6 Amazing Facts about Cactuses 0 429

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There are many different species of cacti (or cactuses) out there. With more and more people across the planet now interested in keeping these plants at home, there is a growing amount of curiosity about where they come from and why they are so different from other plants.

The following facts give us a taste of the spectacular variety of cacti that has captivated plant-lovers for centuries.

The Word Cactus May Have Greek or Latin Origins

The word cactus possibly comes from a Greek word that passed through Latin and eventually changed from kaktos to cactus. It isn’t clear which plant or plants the Greeks were referring to with this name.

However, some sources suggest that kaktos referred to the prickly flower of the artichoke plant rather than a cactus. Other sources provide the Latin word cardoon as being the basis for cactus.

There Are 1,750 Different Species

There are 1,750 known types of cacti in the world. So, picking the right one to fit on your home is as random as online betting on BetAmerica.com. Yet, all but one of them is native to just the Americas. The sole cactus that is found in other parts of the planet is called rhipsalis baccifera and is more commonly known as the mistletoe cactus.

This species is found in the Americas, but it is also native to diverse places such as Sri Lanka and Africa. It isn’t clear how this type of cactus left the Americas, with one theory being that migratory birds or trading vessels carried the seeds with them.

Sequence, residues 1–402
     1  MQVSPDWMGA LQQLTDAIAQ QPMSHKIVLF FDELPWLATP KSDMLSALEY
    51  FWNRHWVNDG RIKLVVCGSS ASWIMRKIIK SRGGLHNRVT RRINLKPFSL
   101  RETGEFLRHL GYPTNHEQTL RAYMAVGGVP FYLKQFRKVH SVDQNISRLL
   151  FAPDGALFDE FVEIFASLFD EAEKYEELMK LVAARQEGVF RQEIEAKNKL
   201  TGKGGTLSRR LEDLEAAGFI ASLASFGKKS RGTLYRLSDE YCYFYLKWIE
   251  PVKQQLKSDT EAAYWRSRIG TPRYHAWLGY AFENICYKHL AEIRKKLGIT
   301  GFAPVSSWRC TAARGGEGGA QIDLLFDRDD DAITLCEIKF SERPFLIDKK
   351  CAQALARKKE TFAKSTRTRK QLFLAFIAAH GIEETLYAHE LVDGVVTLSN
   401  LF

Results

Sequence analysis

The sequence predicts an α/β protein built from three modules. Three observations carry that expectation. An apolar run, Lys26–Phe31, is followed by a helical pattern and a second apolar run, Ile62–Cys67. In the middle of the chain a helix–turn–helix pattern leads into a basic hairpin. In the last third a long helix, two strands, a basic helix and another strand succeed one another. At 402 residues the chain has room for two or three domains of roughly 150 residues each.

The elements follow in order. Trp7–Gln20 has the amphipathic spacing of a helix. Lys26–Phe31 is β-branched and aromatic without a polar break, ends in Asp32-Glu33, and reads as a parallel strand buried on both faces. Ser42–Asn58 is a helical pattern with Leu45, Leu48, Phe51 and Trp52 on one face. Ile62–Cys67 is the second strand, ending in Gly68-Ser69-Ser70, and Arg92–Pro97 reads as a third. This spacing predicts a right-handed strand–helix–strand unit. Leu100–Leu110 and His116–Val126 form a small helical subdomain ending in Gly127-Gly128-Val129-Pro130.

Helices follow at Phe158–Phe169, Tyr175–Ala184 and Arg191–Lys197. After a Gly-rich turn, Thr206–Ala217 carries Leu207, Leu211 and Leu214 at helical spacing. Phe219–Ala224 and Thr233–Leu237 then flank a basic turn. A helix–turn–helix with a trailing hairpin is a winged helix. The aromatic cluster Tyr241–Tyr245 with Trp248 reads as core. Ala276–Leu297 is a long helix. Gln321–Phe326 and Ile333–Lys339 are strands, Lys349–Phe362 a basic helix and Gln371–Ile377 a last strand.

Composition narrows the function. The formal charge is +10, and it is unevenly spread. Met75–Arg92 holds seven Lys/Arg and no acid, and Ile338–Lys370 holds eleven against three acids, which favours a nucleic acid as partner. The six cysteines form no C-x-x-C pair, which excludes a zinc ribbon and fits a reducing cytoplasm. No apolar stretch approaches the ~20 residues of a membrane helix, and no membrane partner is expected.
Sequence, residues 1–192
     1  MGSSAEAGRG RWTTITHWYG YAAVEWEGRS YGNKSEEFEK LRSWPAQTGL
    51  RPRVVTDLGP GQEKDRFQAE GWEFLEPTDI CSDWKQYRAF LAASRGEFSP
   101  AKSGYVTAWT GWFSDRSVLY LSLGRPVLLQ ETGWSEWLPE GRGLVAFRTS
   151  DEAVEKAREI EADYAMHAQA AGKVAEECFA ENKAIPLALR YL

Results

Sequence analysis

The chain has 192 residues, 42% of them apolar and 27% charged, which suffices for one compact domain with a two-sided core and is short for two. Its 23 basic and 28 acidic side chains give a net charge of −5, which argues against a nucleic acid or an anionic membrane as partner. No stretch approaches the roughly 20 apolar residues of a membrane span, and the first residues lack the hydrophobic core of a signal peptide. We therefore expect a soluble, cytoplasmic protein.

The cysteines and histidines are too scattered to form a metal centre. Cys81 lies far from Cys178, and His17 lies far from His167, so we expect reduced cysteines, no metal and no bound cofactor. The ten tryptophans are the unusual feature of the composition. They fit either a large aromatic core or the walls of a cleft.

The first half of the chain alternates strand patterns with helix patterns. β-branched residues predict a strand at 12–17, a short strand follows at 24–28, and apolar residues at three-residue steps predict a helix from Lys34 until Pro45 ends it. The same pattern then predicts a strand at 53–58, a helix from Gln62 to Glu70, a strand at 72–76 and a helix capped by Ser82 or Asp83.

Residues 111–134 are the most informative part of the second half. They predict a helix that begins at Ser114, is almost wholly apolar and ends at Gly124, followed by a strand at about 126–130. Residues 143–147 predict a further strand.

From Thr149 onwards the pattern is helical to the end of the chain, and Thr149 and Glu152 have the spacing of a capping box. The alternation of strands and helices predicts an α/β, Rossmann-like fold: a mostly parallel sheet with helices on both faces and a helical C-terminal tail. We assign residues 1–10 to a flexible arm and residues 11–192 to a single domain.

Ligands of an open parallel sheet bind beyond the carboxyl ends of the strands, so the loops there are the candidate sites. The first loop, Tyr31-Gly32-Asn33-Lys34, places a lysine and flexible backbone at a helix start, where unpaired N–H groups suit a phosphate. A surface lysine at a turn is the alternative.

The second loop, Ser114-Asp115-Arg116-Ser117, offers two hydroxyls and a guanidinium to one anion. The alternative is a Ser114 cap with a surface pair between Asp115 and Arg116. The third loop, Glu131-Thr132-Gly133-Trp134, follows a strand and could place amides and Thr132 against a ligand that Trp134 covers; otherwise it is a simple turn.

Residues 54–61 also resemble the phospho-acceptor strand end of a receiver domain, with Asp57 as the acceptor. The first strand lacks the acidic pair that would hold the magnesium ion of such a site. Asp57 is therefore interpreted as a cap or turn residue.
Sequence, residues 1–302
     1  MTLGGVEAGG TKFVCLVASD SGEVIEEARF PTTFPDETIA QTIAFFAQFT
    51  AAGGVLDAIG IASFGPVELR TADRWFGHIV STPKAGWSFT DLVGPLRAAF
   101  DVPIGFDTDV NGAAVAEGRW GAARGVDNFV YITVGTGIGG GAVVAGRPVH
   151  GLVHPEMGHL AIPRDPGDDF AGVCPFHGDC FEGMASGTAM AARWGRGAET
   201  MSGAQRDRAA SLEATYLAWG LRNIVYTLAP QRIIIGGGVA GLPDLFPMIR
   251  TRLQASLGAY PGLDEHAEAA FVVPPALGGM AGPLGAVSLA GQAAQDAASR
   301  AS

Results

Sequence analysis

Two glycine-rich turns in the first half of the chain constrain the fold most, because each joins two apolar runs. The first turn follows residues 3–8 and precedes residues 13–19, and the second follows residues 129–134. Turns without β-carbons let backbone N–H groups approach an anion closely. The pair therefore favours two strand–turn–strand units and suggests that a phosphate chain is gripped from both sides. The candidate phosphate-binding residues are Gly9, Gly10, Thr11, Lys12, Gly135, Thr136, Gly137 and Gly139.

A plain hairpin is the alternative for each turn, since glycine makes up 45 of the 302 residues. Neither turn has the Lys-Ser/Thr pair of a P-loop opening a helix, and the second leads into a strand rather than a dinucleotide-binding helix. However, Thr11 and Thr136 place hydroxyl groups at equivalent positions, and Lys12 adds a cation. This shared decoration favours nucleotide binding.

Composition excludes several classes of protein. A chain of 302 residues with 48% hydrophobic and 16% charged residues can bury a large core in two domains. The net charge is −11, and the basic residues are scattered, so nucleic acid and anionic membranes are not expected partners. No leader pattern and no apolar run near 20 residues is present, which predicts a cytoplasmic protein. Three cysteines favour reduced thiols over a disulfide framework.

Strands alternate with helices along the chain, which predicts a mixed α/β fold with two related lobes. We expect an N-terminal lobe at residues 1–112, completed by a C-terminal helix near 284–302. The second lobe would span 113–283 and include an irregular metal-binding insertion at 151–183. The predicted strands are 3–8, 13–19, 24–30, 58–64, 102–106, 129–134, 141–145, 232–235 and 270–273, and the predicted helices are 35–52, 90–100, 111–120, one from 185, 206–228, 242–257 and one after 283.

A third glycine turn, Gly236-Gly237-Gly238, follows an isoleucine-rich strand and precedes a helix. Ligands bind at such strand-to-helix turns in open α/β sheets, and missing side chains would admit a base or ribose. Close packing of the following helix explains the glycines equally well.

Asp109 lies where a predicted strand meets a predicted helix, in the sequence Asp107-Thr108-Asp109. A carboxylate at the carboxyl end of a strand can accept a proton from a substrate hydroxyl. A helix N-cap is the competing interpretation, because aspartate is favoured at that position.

Many People Eat Cactus Plants

The prickly pear cactus produces a sweet and juicy fruit that is widely consumed in Latin America. It is regarded as being a fruit that is rich in fiber and vitamin C but low in calories. This fruit has also gained popularity in places such as the Middle East in recent years.

In Mexico, nopalitos is a commonly eaten food that is made using opuntia pads. The cactus leaves are carefully selected, cleaned, and diced up before being cooked in a variety of different ways.

Microchips Are Embedded in Many Saguaro Cacti

It was widely reported in 2018 that many cacti at Saguaro National Park have had microchip ID technology embedded in them. This is a theft deterrent, as visitors have been known to steal these beautiful, giant plants.

Park officials spent some $3,000 to insert chips in around a thousand of the cacti that are most at risk because of their location. If the plant is scanned using a special reader, its status as a saguaro from the park will be revealed.

The Creeping Devil is a Cactus That Moves

One of the most unusual types of cactus is the stenocereus eruca, which is known as the creeping devil. This plant tends to be found in large groups in sandy soil.

The most interesting aspect of this cactus is that it lies horizontally, growing on one end and dying at the other side. This means that the whole plant will move over time, eventually ending up in a completely different spot from where it started out.

Drinking Water from a Cactus Isn’t a Good Idea

You may have seen in the movies that someone stuck in the desert can survive by drinking the water from inside a cactus plant. It is true that there is typically liquid inside them, but it isn’t recommended as a substitute for drinking water.

The liquid inside a cactus is a nasty fluid that is high in alkalis. It is more likely to give you an upset stomach and cause you to vomit than to leave you feeling refreshed. There is just one type of barrel cactus that you can safely drink from.

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